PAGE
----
#24 Whistling Neil

    you say "You are ill informed on your vote only being counted once, under AV would be counted in every single round of counting."

    No, you are missing the point. If no candidate gets more than half the vote, the least popular candidate is eliminated, and only those people who voted for him/her then have their second choices counted.

    Someone who votes for the most popular candidate only has their first choice counted. But someone who votes for the 'raving loony' candidate has two or more bites of the cherry.

  • Comment number 64.

    #58. edwardjecle wrote:

    "Everyone's vote counts at every round of counting.

    If it takes 4 rounds of counting then your vote counts 4 times."

    You are missing the point.

    If you vote for the most popular candidate, only your first choice is counted.
    If you vote for the least popular candidate, your 2nd, 3rd, 4th choice get counted and then come into play.

    But the voters who originally wanted the most popular candidate do not have their second choices counted - and it may be that their second choice would be very different to someone who originally voted for the 'raving loony' candidate.

    You say "If you don't understand this, I suggest you read up a bit about AV."

    If I may suggest, don't be so patronising.

  • Comment number 65.

    Mr Nick Robinson

    It is clear that you can only enhance your career by delivering 'entertaining' news reports. You don't give a damn about what is right or wrong or even just reporting the news. News has become an entertainment business and you can only enhance your career by making the news you report more entertaining and so increasing the viewing numbers.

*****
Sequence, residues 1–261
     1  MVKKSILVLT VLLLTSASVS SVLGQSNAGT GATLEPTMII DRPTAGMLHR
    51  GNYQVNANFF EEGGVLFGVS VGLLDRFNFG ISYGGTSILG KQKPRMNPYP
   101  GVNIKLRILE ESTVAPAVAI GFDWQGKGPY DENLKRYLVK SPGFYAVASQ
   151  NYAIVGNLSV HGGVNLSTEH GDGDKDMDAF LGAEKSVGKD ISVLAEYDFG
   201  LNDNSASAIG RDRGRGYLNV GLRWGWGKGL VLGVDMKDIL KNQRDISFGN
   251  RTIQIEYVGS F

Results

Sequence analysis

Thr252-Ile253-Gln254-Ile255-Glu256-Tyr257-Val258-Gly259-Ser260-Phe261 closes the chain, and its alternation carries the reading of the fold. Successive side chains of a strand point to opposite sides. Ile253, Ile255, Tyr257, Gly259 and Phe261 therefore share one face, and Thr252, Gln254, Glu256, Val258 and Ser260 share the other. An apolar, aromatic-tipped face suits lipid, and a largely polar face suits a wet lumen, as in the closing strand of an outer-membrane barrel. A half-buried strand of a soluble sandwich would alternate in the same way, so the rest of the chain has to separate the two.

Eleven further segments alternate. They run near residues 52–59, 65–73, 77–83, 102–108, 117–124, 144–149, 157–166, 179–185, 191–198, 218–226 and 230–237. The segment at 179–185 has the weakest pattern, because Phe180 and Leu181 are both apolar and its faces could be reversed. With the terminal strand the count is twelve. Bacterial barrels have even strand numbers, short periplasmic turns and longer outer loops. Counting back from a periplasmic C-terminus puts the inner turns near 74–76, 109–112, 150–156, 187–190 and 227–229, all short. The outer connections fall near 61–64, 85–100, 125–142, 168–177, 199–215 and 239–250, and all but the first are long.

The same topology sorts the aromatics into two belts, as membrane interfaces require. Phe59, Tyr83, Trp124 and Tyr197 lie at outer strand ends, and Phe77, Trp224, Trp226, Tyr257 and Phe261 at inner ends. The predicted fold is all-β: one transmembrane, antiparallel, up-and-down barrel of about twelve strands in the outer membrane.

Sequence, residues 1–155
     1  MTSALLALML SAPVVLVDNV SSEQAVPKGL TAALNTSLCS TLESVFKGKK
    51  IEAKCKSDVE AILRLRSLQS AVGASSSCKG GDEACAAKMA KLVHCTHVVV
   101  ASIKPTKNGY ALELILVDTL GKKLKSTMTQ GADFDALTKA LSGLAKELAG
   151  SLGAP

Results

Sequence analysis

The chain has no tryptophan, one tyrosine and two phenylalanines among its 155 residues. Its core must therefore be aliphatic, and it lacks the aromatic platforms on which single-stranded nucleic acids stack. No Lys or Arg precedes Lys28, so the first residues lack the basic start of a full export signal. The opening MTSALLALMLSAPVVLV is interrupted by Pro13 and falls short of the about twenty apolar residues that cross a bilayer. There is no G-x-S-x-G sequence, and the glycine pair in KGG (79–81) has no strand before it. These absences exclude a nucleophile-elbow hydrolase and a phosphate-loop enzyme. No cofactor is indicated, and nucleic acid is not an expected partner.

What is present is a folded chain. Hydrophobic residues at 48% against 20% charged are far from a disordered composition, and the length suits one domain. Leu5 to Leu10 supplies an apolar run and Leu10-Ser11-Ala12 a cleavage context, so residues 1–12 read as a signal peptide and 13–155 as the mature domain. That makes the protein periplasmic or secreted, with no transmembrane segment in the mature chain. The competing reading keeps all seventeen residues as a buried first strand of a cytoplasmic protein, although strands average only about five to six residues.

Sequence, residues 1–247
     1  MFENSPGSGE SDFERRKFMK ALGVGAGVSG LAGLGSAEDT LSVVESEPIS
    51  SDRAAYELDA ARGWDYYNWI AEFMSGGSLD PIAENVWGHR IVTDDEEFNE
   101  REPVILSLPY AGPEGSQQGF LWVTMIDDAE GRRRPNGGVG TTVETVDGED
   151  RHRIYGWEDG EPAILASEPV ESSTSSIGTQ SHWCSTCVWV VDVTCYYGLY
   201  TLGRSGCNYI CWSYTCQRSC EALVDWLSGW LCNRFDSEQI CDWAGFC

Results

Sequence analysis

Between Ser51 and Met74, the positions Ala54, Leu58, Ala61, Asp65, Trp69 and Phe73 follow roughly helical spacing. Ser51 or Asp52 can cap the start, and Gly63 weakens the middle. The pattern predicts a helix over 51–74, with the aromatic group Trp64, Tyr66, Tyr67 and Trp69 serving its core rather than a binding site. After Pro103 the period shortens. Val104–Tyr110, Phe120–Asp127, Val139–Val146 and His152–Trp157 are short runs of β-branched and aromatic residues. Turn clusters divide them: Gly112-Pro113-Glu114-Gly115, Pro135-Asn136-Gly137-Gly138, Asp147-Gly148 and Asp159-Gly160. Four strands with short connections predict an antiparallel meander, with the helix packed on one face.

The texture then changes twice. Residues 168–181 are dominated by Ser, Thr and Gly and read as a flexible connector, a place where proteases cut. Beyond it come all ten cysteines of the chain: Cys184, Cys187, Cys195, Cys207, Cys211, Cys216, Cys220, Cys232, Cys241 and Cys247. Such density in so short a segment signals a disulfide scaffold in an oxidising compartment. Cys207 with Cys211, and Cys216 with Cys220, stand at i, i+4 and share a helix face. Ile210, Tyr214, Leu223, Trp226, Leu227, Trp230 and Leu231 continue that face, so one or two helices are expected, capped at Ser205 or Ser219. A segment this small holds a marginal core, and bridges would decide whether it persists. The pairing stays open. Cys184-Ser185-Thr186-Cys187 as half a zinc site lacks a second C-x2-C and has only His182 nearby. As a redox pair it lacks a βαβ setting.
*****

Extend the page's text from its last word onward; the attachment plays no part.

So that is why you concentrate on driving a wedge into the coalition (and drove a wedge even into the last majority government). Only because it gives you a better news story.

    Rather than the word coalition, I prefer the phrase a balanced government and what is wrong with that? Having a government where no party has an overall majority means that new legislation requires cross party support. What could be better than that? The last government turned out to be an elected dictatorship. Surely there can't be anything worse than that.

    So please can you stop trying to enhance your own career by focussing on negative entertaining news and instead look at the positive aspects of having a balanced government.

  • Comment number 66.

    #59. jizzlingtons wrote:

    "Your assertion that those who vote for minority parties are "politically inept" just shows that you have a complete distain for democracy"

    No, that's not correct. I only have partial distain for democracy.

    I just don't see why the people who originally back the least popular candidate could end up deciding the outcome.

  • Comment number 67.

    Possible variant we could look at is that everyone has two votes - you say who you most want and who you most don't want. Then score each seat along the same lines as goals for and against in a football match with the winner being the candidate with the biggest positive differential of 'wants' over 'don'ts' - they win on goal difference as it were. In the event of a tie, the person with the most 'wants' gets it.